Lawmakers must allow Nevada businesses to continue helping low-income students

Robert Fellner

Earlier this week, 8NewsNow showcased the enormous benefits from Nevada’s Opportunity Scholarship program — and the tremendous harm that would come if the state teachers’ union gets its way and successfully lobbies for the program’s elimination next year.

150 valley children of all ages, most of whom reside in low-income families, were granted “life-changing” scholarships thanks to a more than $1 million donation from the Cosmopolitan Hotel.

Sadly, the opportunity for businesses to make similar donations will be severely restricted next year, absent legislative action.

The Cosmo’s donation was only made possible because of the Opportunity Scholarship Program — which allows Nevada businesses to fund scholarships in exchange for tax credits.

Unfortunately, there is a strict limit on the total amount of donations that can be made each year. And that limit is set to drop by roughly 65 percent next year — forcing hundreds of students like those featured in the 8NewsNow report off of their scholarships, just a year or two after they made the transition to a school that finally meets their needs.

Why would the Legislature want to restrict such an obvious win-win program? Politics.

The state teachers’ union — which has gone on record as wishing to see the program abolished outright — is fiercely opposed to any educational options that do not align with its political agenda.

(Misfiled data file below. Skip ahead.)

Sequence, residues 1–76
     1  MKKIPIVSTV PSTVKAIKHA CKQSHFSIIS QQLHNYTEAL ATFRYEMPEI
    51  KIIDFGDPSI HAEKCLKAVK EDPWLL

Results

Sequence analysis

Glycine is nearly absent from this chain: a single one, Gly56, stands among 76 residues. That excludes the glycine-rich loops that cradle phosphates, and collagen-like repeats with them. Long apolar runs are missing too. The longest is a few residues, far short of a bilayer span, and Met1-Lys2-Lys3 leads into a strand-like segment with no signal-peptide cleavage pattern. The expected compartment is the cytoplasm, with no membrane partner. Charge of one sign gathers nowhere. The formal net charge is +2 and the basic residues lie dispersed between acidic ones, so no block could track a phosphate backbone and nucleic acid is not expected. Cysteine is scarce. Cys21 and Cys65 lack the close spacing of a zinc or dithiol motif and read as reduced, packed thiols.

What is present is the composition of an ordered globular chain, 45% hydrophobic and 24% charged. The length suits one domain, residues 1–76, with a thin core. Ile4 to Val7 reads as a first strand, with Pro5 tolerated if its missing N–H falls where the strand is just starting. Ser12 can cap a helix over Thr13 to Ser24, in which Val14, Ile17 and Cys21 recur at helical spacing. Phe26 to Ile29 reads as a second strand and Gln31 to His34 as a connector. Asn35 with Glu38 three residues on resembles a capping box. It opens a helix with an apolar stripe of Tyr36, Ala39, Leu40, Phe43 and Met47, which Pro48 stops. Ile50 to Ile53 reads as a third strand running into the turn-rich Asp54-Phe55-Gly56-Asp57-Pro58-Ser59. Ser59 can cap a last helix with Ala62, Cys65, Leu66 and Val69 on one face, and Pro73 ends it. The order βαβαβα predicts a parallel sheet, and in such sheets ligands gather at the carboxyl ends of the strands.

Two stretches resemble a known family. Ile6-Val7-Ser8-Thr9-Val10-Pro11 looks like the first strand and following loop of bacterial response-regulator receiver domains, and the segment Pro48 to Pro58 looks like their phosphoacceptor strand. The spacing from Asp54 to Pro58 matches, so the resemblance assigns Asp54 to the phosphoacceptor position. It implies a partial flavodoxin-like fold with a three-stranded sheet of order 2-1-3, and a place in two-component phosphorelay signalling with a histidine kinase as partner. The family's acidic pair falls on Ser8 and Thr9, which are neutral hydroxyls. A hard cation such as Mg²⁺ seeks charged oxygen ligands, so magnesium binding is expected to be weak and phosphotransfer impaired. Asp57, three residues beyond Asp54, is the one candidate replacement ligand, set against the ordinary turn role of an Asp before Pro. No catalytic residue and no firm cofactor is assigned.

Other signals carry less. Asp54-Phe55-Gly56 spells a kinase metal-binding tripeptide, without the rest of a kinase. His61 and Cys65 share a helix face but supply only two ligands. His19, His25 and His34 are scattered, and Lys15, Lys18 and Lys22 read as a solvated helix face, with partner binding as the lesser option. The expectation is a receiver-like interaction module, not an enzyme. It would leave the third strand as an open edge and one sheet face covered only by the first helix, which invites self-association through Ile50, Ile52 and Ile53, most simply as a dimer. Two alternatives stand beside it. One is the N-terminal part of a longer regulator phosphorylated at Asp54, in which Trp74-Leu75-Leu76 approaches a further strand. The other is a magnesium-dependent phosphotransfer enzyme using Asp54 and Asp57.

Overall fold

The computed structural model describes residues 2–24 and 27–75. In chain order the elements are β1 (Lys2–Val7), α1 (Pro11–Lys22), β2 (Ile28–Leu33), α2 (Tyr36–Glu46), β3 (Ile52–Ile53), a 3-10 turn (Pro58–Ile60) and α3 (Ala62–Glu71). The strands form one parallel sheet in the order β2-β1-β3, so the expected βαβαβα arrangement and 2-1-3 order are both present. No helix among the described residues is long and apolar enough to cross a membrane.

So if you’d like to see more stories like the one above, where Nevada businesses are encouraged to give back to the community by providing scholarships for low-income children, it’s imperative that the Legislature stand up for children and expand the program’s scope, not slash it.

And to learn more about this program, please visit SchoolChoiceNV.com.

Robert Fellner

Robert Fellner

Director of Policy

Robert Fellner is NPRI’s policy director and joined the Institute in December 2013. Robert has written extensively on the issue of transparency in government. He has also conducted legal research and assisted in crafting legal arguments for numerous public records-related lawsuits, including one which prevailed at the Nevada Supreme Court, resulting in a landmark decision that protected and expanded Nevadans’ rights to access and inspect government records.

An expert on government compensation and its impact on taxes, Robert has authored multiple studies on public pay and pensions. He has been published in Business Insider, Forbes.com, the Las Vegas Review Journal, the Los Angeles Times, RealClearPolicy.com, the San Diego Union-Tribune, the Wall Street Journal, ZeroHedge.com and elsewhere.

Robert has lived in Las Vegas since 2005 when he moved to Nevada to become a professional poker player. Robert has had a remarkably successfully poker career including two top 10 World Series of Poker finishes and being ranked #1 in the world at 10/20 Pot-Limit Omaha cash games.

Additionally, his economic analysis on the minimum wage won first place in a 2011 George Mason University essay contest. He also independently organized a successful grassroots media and fundraising effort for a 2012 presidential candidate, before joining the campaign in an official capacity.